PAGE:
A strong selection of major paintings and drawings from the last decade or more of Roy DeForest's (1930-2007) life hangs at Brian Gross Fine Art in San Francisco (January 8 - February 28, 2009). It is a fitting and deserved tribute, though select and abbreviated, to a long career which produced joyous, energetic paintings notable for quirky drawing, dense composition, and exuberant mark making. Two key words applicable here are be "inventive" and "obsessive," which may then be combined into the single word "visionary."
De Forest's paintings are typically populated by dogs, especially dogs, but also by horses, picaresque characters and the occasional bird or rabbit born from the bright color, dark outlines, intense patterning, and dabs and dashes one long ago learned to expect and look forward to. Practically every inch of each surface is elaborately covered with colored shapes, scumbling, hatching, and Hershey’s Kiss-like smooches of paint pressed straight from the tube. Some areas are literally built up in relief. These surfaces are brilliantly adorned, and each work is enclosed in an eccentric, painted, artist-made frame. In terms of sheer, raucous, physical painting and presentation, De Forest always delivers.
De Forest’s cluttered and congested imagery may seem fantastic, but anyone who spends time in the desert knows there is plenty of life there. Besides, a story must have characters. Heads of both animals and people are, for the most part, portrayed in profile or straight-on, and even though each painting is littered and crammed with them none looks at or seems to be fully aware of the presence any of the others. Each is in its own world of now, faintly looking off into the near distance, as if trying to discern, in anticipation, what will happen next; this is the dog consciousness, the animal existence vigilance and self-containment. The space, light, and texture here evoke notions of some Ancient West, a place that is vast, broad, deep, silent and empty. The sense of time is the immediate and ongoing present. De Forest's visionary inclination is enhanced by his use of a very human-scale medium-- painting-- to channel a specific place and way of being, and is both acknowledgment and evocation of animal spirit: something pure, decent, keen, knowing, basic, and fragile. There is an ecology of the co-existence, cooperation, and equilibrium of living things. This is the big story De Forest tells.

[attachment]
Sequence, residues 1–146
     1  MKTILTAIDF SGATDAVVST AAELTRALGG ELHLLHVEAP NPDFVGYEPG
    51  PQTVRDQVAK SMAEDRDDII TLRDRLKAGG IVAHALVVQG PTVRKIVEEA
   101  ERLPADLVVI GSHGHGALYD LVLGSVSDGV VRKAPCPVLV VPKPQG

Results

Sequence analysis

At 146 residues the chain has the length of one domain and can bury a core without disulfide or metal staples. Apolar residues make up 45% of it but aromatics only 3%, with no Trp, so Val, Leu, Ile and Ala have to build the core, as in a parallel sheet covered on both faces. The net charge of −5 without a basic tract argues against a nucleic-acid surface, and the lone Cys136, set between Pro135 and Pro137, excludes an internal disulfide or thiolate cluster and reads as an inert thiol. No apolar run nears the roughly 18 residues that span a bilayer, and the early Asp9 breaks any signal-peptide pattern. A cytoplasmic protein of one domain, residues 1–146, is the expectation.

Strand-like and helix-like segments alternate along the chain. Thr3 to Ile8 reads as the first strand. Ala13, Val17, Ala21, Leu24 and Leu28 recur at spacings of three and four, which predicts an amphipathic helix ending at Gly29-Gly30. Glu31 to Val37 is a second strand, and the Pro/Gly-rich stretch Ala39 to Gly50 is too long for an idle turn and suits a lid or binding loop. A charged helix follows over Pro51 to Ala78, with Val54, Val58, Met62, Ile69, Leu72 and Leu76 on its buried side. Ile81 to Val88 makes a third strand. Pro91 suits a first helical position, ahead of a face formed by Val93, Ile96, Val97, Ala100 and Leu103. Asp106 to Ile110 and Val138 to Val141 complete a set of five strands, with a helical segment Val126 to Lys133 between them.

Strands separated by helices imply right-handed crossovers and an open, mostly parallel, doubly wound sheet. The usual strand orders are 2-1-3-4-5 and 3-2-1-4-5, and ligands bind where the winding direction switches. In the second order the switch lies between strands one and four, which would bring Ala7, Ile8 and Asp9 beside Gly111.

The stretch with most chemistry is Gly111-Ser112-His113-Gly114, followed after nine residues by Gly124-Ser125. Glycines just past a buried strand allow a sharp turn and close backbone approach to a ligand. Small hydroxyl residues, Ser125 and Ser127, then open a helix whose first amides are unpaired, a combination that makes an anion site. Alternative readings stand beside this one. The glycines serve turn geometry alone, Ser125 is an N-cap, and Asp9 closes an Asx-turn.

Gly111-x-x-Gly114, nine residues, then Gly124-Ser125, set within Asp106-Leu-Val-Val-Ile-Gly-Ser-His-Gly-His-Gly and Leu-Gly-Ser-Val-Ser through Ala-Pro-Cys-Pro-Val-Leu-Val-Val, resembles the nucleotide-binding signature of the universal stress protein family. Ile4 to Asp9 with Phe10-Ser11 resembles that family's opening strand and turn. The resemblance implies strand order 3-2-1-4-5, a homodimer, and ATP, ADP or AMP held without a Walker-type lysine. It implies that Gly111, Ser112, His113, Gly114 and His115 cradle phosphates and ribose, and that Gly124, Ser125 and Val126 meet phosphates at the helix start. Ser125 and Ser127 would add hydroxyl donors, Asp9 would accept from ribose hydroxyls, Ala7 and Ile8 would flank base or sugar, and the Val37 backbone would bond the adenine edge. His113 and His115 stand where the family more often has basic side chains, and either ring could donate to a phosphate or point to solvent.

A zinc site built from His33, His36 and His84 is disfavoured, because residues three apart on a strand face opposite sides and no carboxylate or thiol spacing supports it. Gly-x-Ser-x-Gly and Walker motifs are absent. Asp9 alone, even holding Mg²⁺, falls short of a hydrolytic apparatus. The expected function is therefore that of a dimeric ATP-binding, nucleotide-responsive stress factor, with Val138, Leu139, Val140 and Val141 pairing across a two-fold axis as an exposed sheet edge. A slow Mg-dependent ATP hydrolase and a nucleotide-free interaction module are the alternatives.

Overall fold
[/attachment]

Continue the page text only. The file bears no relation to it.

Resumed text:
The exhibition's eponymous work lifts figures from Picasso's Les Demoiselles d'Avignon, which, given the inventive liberties both artists take with depicting the figure, seems quite apt. At the same time, more importantly, this gesture signals something more than De Forest's alignment with the senior artist’s effort towards invention or radicalism, but is also an extended reach for the much sought after, hard-earned, and almost serendipitous outcome of meaning compressed in and blossoming from a hand-made image. This historical reference might immediately spark another, say, James Ensor’s Christ's Entry into Brussels in 1889. But perhaps even more to the point, this exhibition seemingly makes plain to this viewer that De Forest’s more significant model may be the devotional and decorative aspects of fourteenth century Sienese and Florentine painting, such as Duccio di Buoninsegna’s Maestà. In the nearly seven hundred years of Western art since then one rarely finds an artist, especially a modern or contemporary one, who consistently and commandingly uses similiarly dense, figure-filled compositions, artificial and invented settings, shallow spaces hinting at depth, elaborate framing, decorative components, and narrative as De Forest. Rather than being devoted to God, however, these paintings are devoted to the raw, open, and wild, yet very sophisticated energy of Dog (didja see that one coming?). One might say that De Forest’s religion is the natural world, the pure spirit of animals, a kind of animism found the joy of taking plain materials and making something true and vital come to life.Chris Ashley
Also published at Look, See.